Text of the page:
Volume 7 Issue 161
Published - 14:00 UTC 08:00 EST 10-Jun-2005 
Next Update - 14:00 UTC 08:00 EST 11-Jun-2005

Editor: Susan K. Boyer, RN
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New memory drug works best in combination with older remedy

An experimental drug combined with an already-popular memory-enhancing compound may further delay memory loss in patients with Alzheimer's disease and other dementias, Johns Hopkins University scientists, in collaboration with researchers from University of North Carolina, have found. more  

People, like other animals, freeze and their heart rate slows upon seeing threatening cues

Standing still when a threat is detected is a defensive, protective reaction. This ancestral and automatic behavior allows the prey to stay unnoticed by a potential predator. more

Deadly infectious entity of prions discovered

The mysterious, highly infectious prions, which cause the severe destruction of the brain that characterizes "mad cow disease" and several human brain degenerative disorders, can be rendered harmless in the laboratory by a slight alternation of the three-dimensional conformation or shape of the prion protein's structure. more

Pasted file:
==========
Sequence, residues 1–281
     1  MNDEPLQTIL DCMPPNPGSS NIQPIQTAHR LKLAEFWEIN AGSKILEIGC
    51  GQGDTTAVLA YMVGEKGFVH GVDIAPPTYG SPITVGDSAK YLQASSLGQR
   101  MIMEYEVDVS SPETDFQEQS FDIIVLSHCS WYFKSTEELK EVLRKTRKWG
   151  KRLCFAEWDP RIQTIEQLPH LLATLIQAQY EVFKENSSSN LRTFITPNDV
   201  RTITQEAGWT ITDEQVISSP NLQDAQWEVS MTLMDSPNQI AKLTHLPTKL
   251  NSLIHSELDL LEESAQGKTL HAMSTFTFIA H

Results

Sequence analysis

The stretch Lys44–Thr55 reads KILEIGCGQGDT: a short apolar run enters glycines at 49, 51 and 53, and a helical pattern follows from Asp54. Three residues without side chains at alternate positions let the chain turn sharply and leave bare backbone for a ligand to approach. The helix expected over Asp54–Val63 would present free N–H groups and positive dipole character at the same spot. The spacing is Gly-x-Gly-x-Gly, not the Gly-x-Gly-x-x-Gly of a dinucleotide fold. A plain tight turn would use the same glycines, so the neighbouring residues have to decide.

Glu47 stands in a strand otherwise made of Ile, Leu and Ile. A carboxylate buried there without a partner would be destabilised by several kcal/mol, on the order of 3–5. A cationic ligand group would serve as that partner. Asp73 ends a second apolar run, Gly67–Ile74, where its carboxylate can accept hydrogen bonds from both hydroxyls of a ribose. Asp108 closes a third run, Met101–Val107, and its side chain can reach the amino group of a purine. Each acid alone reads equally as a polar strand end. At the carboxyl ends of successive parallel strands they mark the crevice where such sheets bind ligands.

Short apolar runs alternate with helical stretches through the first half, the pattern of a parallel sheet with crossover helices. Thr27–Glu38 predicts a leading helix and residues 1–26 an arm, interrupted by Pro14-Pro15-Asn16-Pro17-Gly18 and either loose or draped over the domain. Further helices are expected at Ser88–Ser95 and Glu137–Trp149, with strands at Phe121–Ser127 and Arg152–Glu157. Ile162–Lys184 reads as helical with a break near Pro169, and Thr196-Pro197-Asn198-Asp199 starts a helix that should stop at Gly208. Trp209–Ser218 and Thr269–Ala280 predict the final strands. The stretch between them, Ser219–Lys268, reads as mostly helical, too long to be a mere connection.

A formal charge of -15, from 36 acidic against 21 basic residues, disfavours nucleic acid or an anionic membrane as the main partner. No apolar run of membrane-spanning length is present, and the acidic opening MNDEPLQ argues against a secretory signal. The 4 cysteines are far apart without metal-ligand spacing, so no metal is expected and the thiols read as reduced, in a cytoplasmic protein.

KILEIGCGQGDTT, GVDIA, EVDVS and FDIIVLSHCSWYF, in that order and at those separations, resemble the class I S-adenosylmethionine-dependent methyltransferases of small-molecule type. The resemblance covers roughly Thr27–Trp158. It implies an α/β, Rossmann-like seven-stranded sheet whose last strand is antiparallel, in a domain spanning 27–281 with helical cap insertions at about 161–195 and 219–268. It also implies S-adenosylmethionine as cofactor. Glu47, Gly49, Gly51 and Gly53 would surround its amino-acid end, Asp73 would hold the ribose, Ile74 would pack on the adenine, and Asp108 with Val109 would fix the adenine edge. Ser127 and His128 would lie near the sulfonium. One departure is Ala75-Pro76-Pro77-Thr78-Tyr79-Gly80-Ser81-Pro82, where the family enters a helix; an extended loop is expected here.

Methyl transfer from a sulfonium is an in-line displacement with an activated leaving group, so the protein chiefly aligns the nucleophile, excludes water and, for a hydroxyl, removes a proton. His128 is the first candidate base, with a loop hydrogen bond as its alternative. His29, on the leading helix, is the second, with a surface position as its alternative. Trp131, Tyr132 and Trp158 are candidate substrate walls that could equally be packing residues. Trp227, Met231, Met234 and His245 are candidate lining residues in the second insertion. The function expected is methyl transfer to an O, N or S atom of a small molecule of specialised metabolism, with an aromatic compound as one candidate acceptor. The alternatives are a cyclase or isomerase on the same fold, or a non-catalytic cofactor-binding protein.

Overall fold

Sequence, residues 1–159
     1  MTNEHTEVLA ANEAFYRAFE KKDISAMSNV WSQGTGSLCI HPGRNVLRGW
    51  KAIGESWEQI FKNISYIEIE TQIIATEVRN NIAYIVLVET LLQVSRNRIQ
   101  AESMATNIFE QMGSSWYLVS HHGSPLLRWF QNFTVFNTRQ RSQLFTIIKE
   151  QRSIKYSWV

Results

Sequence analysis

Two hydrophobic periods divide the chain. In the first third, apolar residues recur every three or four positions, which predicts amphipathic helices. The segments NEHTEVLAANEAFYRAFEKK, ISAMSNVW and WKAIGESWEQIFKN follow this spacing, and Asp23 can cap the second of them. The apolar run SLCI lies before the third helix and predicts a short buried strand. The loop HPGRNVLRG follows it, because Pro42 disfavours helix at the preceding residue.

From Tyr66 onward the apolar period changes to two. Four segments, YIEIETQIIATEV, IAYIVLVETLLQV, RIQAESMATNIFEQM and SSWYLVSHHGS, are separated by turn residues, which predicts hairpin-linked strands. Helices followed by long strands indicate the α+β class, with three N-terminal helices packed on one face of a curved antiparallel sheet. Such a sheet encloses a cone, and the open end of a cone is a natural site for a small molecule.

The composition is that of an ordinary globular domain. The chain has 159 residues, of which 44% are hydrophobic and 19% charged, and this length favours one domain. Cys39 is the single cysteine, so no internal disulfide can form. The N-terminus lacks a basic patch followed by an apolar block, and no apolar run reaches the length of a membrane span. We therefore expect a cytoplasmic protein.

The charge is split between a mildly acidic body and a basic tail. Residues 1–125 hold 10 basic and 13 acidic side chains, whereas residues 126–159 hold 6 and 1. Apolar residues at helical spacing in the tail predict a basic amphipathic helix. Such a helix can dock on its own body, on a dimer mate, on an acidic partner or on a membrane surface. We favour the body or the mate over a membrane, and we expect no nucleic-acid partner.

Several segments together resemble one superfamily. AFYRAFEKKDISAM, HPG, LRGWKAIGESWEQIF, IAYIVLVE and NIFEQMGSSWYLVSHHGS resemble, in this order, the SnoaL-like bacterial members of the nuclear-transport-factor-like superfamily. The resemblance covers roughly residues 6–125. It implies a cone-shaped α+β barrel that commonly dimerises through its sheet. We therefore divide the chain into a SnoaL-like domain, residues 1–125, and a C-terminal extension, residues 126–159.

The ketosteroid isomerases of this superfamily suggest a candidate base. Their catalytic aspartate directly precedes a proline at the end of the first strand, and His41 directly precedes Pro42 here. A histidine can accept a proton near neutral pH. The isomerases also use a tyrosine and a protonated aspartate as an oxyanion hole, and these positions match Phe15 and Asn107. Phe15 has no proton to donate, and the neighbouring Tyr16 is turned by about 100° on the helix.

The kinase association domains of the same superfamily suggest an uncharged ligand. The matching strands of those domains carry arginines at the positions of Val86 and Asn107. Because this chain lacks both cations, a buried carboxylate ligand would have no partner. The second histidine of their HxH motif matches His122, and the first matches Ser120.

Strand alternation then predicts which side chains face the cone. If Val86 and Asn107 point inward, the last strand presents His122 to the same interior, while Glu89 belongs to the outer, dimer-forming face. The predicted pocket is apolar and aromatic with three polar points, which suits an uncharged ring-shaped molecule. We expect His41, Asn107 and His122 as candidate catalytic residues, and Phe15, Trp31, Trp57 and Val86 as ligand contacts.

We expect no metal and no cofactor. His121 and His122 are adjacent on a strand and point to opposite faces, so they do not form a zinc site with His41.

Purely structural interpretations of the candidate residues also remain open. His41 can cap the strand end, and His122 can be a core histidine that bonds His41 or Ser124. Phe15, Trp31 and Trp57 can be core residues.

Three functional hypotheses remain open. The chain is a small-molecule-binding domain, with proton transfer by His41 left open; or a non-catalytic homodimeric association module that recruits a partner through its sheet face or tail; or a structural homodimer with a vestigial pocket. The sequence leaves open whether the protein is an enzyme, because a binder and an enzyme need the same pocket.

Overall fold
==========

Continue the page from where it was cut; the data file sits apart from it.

Risk of heart attack may increase with certain anti-inflammatory drugs

Ibuprofen and other commonly used painkillers for treating inflammation may increase the risk of heart attack, says a study in this week's BMJ. more

Junk DNA shapes social behavior (in rodents) 

Why are some people shy while others are outgoing? A study in the current issue of Science demonstrates for the first time that social behavior may be shaped by differences in the length of seemingly non-functional DNA, sometimes referred to as junk DNA. The finding by researchers at the Yerkes National Primate Research Center of Emory University and the Atlanta-based Center for Behavioral Neuroscience (CBN) has implications for understanding human social behavior and disorders, such as autism. more

Prevention and control of meningococcal disease: Recommendations of the Advisory Committee on Immunization Practices (ACIP) 

CDC’s Advisory Committee on Immunization Practices (ACIP) recommends routine vaccination of persons aged 11–12 years with the new tetravalent meningococcal polysaccharide-protein conjugate vaccine (MCV4) at the preadolescent health-care visit (age 11–12 years). This report discusses the new vaccine recommendation, updates previous reports from ACIP concerning prevention and control of meningococcal disease, and provides updated recommendations regarding use of the tetravalent meningococcal polysaccharide vaccine (MPSV4) and on antimicrobial chemoprophylaxis. more

Benefits of seizure control balanced by unwanted side effects of medication

Giving individuals with single or infrequent seizures immediate treatment does not reduce their risk of seizure recurrence in the long-term, suggests a randomised trial published in this week’s issue of The Lancet. The authors also found that delaying medication did not increase the risk of chronic epilepsy in this group of people. more

 

Causes increased risk of heart attack?